A High Court judge “fell into error” when sentencing a former BBC local radio presenter to five years and 26 weeks in prison for stalking broadcasters including Jeremy Vine, the Solicitor General has said.
Alex Belfield, 42, who “weaponised the internet”, was found guilty at Nottingham Crown Court of waging a relentless campaign, with TV star Mr Vine subjected to an “avalanche of hatred”.
Mr Vine labelled Belfield “the Jimmy Savile of trolling” during a trial, which heard he repeatedly posted or sent abusive messages, videos and emails.
In a letter to the Victims’ Commissioner for London last month, Solicitor General Michael Tomlinson said he agreed the judge made an error, adding: “The sentence may be unduly lenient.”
Mr Tomlinson said the case was re-listed before the sentencing judge, Mr Justice Saini, where he “agreed that there had been an error in his approach to sentencing” but opted not to alter the sentence.
In the judge’s ruling where he accepted the error, he said he was “misinformed” by the prosecution about the maximum sentence available to him on one of the counts Belfield was convicted of.
Mr Justice Saini said it was “regrettable that this was not drawn to my attention earlier”, adding: “Mr (John) McGuiness KC, leading counsel for the Crown, has provided a frank and gracious apology to the court, which I accept. This was an oversight.”
The judge said he did not alter the sentence given to Belfield because it would have only been “modestly” higher and the “overall sentence fairly reflects the totality and seriousness of all the offending.”
London’s Victims’ Commissioner, Claire Waxman, wrote back to Mr Tomlinson to express her “deep disappointment” the case could not be referred under the Unduly Lenient Sentence (ULS) scheme due to a 28-day time limit on referrals.
She said Belfield’s case proved “injustice within the ULS scheme continues” and the “current system is simply not fit for purpose”.
Jurors accepted Belfield caused serious alarm or distress to two victims and found him guilty of “simple” stalking in relation to Channel 5 and BBC Radio 2 presenter Mr Vine and theatre blogger Philip Dehany.
BBC Radio Northampton presenter Bernie Keith was left suicidal by a “tsunami of hate”, the trial was also told.
In his letter to Ms Waxman, Mr Tomlinson said the judge’s error was in relation to the sentencing conclusion over Belfield’s nine-year campaign against Mr Keith.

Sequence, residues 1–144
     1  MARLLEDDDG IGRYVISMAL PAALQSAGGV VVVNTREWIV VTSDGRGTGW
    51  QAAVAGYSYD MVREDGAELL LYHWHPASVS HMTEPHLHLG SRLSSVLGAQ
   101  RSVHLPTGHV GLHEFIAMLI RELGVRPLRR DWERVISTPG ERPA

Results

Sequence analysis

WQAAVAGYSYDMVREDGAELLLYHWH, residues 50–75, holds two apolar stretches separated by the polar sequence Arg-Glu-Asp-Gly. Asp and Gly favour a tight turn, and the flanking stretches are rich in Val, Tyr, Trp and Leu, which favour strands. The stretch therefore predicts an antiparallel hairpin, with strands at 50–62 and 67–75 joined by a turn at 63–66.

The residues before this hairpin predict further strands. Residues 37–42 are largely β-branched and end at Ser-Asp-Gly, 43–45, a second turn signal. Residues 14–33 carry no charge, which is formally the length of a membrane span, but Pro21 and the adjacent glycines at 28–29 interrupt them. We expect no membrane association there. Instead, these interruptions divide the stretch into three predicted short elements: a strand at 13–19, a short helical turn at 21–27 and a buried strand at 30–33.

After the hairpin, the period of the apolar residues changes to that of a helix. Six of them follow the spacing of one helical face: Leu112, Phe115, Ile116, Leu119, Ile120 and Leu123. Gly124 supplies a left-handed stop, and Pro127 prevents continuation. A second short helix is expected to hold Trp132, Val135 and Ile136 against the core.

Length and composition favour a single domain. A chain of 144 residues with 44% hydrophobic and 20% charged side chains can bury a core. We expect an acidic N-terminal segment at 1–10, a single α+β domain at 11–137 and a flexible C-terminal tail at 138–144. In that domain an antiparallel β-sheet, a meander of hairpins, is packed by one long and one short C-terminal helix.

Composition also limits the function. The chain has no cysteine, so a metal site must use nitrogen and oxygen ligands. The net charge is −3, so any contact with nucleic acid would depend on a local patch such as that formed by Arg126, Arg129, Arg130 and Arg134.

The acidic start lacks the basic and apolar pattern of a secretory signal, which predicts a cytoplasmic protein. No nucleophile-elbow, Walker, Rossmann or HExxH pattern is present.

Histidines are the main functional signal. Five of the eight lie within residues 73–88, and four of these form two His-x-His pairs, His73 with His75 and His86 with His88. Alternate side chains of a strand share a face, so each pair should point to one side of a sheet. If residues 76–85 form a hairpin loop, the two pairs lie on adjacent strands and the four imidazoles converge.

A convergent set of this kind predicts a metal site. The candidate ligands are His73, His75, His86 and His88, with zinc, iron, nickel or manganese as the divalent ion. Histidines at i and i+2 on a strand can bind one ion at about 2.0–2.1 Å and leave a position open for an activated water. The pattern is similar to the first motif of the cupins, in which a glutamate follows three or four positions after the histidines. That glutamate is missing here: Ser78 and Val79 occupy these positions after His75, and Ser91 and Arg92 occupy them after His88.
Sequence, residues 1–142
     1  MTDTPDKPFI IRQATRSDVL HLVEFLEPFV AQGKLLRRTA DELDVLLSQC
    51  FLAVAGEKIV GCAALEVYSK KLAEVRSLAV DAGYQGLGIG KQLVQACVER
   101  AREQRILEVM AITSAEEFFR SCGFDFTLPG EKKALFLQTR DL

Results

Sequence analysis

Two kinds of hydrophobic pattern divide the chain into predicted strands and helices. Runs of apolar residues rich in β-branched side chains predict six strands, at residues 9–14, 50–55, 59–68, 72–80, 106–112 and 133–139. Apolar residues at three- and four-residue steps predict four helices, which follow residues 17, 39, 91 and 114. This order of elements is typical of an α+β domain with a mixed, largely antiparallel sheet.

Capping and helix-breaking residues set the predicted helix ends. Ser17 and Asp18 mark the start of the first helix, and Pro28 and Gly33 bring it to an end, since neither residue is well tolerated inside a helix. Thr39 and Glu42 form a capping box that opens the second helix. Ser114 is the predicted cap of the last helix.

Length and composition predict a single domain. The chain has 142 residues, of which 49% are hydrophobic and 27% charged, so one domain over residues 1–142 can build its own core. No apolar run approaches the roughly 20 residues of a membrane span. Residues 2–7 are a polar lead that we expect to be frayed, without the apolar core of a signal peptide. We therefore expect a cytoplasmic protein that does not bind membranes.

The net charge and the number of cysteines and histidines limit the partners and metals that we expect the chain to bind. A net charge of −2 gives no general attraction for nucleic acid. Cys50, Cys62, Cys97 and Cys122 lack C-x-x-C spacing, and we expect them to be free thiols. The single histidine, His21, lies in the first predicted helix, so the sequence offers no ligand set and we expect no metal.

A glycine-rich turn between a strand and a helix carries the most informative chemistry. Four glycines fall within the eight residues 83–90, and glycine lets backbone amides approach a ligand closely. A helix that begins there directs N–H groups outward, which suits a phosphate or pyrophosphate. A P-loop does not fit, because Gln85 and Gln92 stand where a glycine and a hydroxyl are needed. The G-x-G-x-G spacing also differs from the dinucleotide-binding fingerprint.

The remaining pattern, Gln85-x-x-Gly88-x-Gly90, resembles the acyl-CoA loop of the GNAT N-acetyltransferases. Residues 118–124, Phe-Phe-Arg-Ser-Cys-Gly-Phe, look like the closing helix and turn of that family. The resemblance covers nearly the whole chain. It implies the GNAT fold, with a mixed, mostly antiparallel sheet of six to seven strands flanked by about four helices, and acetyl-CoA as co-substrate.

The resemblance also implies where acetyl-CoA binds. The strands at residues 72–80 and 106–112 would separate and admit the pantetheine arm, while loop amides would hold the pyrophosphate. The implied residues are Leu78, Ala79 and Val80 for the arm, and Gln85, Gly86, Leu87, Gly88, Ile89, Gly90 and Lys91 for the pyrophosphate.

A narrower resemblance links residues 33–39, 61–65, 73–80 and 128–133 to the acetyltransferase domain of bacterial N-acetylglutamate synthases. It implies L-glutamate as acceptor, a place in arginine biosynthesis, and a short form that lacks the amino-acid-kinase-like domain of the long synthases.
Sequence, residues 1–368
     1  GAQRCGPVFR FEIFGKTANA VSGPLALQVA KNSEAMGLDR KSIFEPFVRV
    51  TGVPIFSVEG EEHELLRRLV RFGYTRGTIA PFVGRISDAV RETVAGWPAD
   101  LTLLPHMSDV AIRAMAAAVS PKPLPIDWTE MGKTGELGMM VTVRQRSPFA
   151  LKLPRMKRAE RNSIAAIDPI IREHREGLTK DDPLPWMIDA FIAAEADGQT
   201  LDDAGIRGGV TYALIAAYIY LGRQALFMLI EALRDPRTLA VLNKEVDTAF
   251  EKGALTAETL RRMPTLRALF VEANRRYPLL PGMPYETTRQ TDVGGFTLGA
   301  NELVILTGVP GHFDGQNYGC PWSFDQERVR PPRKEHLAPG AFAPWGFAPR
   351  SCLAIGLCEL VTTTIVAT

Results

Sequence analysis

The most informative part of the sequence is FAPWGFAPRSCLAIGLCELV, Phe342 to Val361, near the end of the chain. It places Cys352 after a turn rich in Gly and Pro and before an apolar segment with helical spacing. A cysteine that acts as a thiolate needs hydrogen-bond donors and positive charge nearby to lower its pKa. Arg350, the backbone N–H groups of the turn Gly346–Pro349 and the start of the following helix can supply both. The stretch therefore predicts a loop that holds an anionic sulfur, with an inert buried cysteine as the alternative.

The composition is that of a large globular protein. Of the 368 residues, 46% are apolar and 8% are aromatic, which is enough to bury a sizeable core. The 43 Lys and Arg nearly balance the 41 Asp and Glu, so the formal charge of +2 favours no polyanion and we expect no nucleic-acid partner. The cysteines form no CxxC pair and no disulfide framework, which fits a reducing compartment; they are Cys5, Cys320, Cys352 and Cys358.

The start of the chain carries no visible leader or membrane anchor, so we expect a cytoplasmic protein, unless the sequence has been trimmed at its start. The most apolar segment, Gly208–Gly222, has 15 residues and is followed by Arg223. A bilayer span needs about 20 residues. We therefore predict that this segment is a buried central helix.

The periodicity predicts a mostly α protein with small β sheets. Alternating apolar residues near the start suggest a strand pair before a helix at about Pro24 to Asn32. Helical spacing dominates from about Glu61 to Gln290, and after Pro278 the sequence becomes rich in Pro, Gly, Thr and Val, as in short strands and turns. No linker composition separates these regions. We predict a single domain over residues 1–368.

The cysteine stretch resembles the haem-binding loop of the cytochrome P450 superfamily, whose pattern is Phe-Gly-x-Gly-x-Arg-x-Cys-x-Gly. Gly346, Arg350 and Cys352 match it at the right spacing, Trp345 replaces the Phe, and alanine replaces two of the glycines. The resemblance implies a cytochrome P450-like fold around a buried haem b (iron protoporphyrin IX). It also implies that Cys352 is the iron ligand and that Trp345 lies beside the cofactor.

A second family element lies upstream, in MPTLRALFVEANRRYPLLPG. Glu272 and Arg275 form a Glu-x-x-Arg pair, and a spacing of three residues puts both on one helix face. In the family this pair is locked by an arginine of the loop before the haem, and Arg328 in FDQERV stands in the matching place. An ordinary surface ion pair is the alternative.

The Solicitor General concluded by saying: “The matter was listed before the sentencing judge on October 21 and, although he agreed that there had been an error in his approach to sentencing, he declined to interfere with the sentence.
“I understand that the offender is seeking to appeal the sentence and, if he does so, my office will request that the CPS (Crown Prosecution Service) draws the sentencing error to the court’s attention.”
Mr Vine gave evidence against Belfield, of Mapperley, Nottingham, telling jurors: “This is not a regular troll here. This is the Jimmy Savile of trolling.”
Likening watching Belfield’s videos to swimming in sewage, Mr Vine said of the defendant’s conduct: “It felt like I had a fish hook in my face and my flesh was being torn, and the only way to avoid further pain was to stay completely still.”
Jurors convicted Belfield of four charges committed between 2012 and 2021.
In his sentencing remarks, Mr Justice Saini said Belfield, who has 361,000 followers on his YouTube channel, The Voice Of Reason, and 43,000 on Twitter, directed his attacks via social media “in highly negative and often abusive terms”.
As well as jailing Belfield, Mr Justice Saini issued indefinite restraining orders banning the DJ from contacting his victims.
Similar orders in favour of four other individuals – the BBC’s former head of the north Rozina Breen, former BBC Radio Leeds presenters Liz Green and Stephanie Hirst and BBC executive Helen Thomas – were also made.